Reflections on Resilience – Keeley O’Hagan

From the outside, the journey to success in sport looks more glamorous and easier than reality. What spectators see is the wonderful places people go and the highs when you’re doing well. What they don’t see are the frequent injuries, mental and financial stress, hours of rehab, and the social sacrifices to name a few. I’ve had a lot of first-hand experience in setbacks through both health issues and injuries.

Four years ago I was in my peak, jumping multiples personal bests throughout the season and gaining my first senior national title. It was an exciting time and the future was looking bright, however, as we know things don’t always go to plan. The following 2 1/2 years consisted of health issues which were unable to be managed alongside sport, so I reluctantly had to take a step back and re-evaluate what my body could handle.

At the beginning of 2018, I started competing again and won my second senior national title. This reignited my love for the sport, and as I was healthy, I decided to commit to full-time training. Training throughout the winter was going very well, but this changed during a bonding session in August where I started to feel pain in my right foot. Over the following two weeks, it got progressively worse and I was sent for an MRI which showed high stress in my sesamoid bone. Immediately I was put in a moon boot and further investigations were ordered. I was in a moon boot twice over the coming months and in total, spent five months off any loading or running. I saw multiple specialists who concluded I had a split sesamoid bone and fluid inside the bones. The outcome was bleak and nothing could be done to fix it except for rest or surgery in the future.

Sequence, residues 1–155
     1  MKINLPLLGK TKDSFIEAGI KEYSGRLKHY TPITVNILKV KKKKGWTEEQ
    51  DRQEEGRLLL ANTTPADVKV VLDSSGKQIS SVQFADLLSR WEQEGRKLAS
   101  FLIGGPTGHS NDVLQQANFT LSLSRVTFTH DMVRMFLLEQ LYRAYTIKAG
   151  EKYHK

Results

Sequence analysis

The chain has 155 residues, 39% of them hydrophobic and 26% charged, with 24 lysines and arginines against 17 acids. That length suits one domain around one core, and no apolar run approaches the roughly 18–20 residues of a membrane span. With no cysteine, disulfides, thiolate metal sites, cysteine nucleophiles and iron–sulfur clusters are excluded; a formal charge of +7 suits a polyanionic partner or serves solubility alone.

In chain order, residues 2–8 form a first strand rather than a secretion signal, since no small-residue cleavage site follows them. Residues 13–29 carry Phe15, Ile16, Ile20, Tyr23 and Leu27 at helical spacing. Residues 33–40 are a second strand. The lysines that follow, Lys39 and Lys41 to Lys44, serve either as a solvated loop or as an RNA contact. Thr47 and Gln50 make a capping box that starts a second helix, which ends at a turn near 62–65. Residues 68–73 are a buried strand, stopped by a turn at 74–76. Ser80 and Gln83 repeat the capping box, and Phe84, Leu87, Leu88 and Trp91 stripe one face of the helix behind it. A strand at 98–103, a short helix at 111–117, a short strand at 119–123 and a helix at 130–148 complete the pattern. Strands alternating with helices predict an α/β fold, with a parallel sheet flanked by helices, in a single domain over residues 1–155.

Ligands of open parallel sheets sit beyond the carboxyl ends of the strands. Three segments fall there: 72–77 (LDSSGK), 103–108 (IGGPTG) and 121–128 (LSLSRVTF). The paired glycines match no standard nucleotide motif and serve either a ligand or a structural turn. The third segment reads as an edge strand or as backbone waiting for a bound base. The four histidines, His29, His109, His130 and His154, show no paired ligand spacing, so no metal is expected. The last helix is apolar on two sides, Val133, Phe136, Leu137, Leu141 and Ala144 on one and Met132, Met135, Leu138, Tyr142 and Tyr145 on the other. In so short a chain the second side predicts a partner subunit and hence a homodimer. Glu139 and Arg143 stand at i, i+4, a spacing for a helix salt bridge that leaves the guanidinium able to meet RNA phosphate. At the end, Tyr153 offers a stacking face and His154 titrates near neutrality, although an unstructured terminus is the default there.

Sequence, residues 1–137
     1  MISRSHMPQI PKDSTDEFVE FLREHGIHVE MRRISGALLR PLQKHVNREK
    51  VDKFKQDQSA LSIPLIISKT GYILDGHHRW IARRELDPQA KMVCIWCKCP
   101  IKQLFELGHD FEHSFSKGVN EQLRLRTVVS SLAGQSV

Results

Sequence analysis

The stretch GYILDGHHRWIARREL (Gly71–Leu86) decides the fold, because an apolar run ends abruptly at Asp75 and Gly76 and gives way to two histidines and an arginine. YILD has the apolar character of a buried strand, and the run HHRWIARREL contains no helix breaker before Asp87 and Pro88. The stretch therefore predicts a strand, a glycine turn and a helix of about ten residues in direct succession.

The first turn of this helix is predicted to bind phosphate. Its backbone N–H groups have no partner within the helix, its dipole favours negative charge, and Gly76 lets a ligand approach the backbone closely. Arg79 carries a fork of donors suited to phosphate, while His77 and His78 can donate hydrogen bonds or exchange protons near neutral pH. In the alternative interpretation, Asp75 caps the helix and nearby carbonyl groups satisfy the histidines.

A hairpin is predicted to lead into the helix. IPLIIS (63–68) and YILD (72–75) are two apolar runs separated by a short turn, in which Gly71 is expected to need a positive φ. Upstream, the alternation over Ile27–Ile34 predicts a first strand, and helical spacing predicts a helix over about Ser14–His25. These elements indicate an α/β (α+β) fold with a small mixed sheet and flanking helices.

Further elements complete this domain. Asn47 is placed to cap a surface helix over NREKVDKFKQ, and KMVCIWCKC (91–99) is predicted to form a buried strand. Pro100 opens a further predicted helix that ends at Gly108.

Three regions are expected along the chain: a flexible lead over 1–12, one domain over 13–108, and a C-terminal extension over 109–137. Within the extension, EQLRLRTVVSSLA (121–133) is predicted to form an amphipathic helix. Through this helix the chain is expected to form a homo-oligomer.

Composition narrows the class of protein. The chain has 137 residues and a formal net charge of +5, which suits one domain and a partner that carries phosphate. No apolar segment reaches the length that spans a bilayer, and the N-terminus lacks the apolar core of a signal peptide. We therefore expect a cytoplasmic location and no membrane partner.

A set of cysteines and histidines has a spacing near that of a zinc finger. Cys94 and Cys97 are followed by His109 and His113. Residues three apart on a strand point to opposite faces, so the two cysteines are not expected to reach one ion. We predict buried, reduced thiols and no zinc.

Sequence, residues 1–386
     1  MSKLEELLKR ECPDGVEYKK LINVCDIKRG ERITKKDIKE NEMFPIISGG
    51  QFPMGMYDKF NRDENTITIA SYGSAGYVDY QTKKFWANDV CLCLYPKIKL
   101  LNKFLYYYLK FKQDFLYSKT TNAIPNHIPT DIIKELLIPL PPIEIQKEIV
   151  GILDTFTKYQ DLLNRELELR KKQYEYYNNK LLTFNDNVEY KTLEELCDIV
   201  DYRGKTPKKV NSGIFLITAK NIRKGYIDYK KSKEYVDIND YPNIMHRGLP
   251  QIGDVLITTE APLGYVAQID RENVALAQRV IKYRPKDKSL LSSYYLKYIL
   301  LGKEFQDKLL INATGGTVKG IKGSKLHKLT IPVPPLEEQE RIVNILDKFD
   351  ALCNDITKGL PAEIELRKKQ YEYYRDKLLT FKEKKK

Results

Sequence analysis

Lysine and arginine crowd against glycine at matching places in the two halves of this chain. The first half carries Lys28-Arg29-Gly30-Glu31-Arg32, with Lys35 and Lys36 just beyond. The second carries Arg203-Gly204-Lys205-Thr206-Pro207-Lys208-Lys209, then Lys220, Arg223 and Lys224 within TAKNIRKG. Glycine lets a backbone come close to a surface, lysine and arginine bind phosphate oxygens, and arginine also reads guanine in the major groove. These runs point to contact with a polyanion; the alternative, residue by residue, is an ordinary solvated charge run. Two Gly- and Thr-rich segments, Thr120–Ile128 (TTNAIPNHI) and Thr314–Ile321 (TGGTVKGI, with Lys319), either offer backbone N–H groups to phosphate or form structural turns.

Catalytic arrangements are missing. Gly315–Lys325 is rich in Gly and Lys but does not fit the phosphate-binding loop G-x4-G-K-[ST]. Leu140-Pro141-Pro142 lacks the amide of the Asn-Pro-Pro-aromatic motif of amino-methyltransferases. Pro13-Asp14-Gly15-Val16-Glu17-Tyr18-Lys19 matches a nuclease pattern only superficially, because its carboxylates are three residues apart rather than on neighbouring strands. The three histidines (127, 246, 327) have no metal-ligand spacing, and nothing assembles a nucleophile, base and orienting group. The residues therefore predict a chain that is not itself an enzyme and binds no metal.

Throughout this period I spent many hours in the pool and on a bike which was mentally challenging. There were times I wanted to give up, but I’m so glad I kept turning up to training. In January I was given the all clear to start a slow transition back to running. In my two competitions back I secured the World University Games qualifying standard and second place at nationals. Midseason I moved to Christchurch to train with a new coach and training group, which has been the best decision I have made for my athletics career.

In the build-up to the World University Games, I had my most successful training block ever. I gained a lot of strength, speed and confidence, which I had lost due to inconsistent training over the last few years. My foot injury is still present, however with appropriate loading and management, I am able to still train full time. I have already started my overseas trip to the World University Games and have had two successful competitions in Australia. The level of completion at the World University Games is very high this year, however, I am confident I can achieve the final and am capable of a personal best.

Throughout this process, I’ve realised that training smart, being resilient and determined are essential if you want to succeed in sport. We are all on our own journeys and some just have a few more blips in the way than others.

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